“I lift up my eyes to the mountains – where does my help come from? My help comes from the Lord, the Maker of heaven and earth. He will not let your foot slip – He who watches over you will not slumber; indeed, He who watches over Israel will neither slumber or sleep” Psalm 121:1-4
I’ve been thinking a lot recently about what this scene would have looked like for David. It was written in a time of exile: he would have been waiting to get to the place that he knew was home, even though he had been a wanderer until this point.
He was waiting to get his life to the way that it was supposed to be. I can imagine him, pausing for a while on his long journey in the heat of the day, looking up at the mountains towering over him and wondering if he was ever going to get to that place that he so yearned for.
It’s a longing that can become such a burden in our hearts; a deep knowledge that we do not yet have what we desire so much; that it lies beyond the mountains, while we sit in the dry plains.
There was such intense longing in David’s words. I will look at the things that I cannot see, he said; I don’t see it right now, but it is there: lying just beyond that horizon.
This longing turned David’s non-vision into faith; confidence in what he hoped for and assurance in what he did not see. He encouraged himself not to stare at the ground – at the place that he was in – but to lift his eyes to the mountains.
Here’s the Thing:
Unless we have a habitual attitude of lifting our eyes when we are in that place of longing, gravity will win – down will go the head, and the eyes, and the desires. Christians can spend a long time walking around at the base of the mountains, but never lift their gaze up there, outside of a Sunday morning; they are missing something big.
When we lift our eyes, we place out faith firmly in God, who is so very for us, and we put our confidence in that which we know is coming, because He has promised it. The things that we long for are there; they are just beyond the horizon. Like David, walking to that place that he knew he would call his home, there is always a tie of watching and waiting and walking. And yet this time is so active: you are never going to reach what lies beyond the mountains if you sit still in that place and accept that that is all that life is going to be.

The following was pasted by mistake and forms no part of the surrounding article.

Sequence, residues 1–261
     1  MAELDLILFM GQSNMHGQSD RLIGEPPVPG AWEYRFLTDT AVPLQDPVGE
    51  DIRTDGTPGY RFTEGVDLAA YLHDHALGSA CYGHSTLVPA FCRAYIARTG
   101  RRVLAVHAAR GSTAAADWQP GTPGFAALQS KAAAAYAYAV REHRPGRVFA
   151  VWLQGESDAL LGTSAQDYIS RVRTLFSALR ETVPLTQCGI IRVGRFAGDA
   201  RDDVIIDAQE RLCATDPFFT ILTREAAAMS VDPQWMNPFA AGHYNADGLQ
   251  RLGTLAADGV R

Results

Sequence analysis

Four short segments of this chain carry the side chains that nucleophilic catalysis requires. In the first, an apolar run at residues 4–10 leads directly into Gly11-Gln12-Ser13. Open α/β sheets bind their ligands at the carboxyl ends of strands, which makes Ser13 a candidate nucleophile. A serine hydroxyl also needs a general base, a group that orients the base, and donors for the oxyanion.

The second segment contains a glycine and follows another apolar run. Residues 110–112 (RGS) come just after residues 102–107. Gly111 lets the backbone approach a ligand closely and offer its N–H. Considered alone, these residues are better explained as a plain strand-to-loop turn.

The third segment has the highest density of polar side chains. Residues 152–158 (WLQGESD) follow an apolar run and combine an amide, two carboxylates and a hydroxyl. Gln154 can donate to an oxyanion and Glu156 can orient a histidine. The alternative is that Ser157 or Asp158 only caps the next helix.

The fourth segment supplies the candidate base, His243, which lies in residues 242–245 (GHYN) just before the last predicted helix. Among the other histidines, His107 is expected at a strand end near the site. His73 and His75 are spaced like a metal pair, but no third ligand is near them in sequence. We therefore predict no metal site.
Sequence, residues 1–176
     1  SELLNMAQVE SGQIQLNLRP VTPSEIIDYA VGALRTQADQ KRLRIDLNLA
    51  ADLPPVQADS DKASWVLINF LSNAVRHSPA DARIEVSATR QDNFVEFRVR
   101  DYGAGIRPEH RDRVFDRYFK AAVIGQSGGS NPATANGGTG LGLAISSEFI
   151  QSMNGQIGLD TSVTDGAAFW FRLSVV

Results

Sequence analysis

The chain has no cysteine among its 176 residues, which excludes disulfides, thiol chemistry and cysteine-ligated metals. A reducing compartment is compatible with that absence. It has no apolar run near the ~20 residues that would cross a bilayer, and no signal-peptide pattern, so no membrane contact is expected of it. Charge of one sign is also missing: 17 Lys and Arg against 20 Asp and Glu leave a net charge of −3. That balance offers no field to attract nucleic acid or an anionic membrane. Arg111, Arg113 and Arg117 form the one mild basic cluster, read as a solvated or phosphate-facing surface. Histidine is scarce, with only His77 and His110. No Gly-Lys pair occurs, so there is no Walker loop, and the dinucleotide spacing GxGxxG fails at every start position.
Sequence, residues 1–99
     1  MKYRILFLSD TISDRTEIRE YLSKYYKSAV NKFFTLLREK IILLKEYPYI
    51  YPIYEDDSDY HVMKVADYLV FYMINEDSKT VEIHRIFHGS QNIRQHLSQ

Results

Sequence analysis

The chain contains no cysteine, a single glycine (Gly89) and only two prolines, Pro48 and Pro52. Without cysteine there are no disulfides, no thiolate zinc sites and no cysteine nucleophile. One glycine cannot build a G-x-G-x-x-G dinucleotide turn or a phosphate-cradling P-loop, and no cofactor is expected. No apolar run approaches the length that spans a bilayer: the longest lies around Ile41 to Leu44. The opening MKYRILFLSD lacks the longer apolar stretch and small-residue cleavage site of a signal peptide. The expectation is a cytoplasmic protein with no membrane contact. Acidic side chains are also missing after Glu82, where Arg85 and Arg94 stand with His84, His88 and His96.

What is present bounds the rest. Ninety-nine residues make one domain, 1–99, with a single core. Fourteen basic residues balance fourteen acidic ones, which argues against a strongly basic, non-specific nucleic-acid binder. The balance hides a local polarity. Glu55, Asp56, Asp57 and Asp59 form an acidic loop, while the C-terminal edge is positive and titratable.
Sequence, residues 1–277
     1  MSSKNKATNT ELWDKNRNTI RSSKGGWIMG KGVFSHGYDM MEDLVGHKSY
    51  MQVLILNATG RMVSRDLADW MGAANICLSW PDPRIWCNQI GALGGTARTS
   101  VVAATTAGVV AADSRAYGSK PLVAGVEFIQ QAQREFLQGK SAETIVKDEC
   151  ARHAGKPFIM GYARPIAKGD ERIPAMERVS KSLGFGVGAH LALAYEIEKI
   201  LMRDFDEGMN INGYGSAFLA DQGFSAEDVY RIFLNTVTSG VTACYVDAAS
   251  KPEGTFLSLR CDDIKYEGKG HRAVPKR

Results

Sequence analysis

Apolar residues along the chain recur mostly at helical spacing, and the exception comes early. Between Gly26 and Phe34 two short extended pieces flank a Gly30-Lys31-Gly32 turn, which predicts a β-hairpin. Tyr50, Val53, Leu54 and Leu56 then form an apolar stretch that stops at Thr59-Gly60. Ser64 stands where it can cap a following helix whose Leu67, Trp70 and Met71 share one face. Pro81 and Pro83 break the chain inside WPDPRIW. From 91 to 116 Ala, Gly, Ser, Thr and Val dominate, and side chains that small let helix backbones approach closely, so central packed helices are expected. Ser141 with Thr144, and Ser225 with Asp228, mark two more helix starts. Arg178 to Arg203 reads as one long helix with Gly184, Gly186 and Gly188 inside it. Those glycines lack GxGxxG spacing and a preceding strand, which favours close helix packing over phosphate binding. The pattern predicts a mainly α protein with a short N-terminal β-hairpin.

So How do we Keep our Eyes on the Mountains?
In Colossians 3:2, Paul reminds us to keep your mind on things above, not on earthly things. The Greek word translated here as keep your mind on is phroneo, meaning to have understanding of, to feel, to think, or to aim our affections at. In other words, like David: we do not watch the things that are going on around us, because they are not what is important. Instead, we look up to the mountains; not with a meaningless optimism, but with a hope that the God of the universe has the answers to our prayers just beyond the peaks. Our understanding is not limited to the physical things that we can see and feel, but it goes much deeper than that: we have the mind of Christ, and access to the heavenly perspective that comes with it.
David understood that sometimes the best way forward is to sit. “He will not let your foot slip,” he says; “He who watches over you will never slumber”.
If you have trouble resting, friend, know this: the God who watches over you will never sleep. You do not have to fight this battle on your own: the Greatest Guardian is on your side, and this is not your war. Sleep, friend: be still, and know that He is God. He’s got your back.
Some moments are for sitting and watching, like David did; and some, as I can imagine David did soon after writing these words, involve putting one foot in front of the other and shuffling towards the city that God has promised for us.
The writer of the book of Hebrews tells us to “run with perseverance the race marked out for us, fixing our eyes on Jesus, the pioneer and perfecter of our faith” (Hebrews 12:1). When we are pursuing Him – the one who makes and completes our faith – one foot in front of the other is enough.
“My help comes from the Lord, the Maker of heaven and earth”.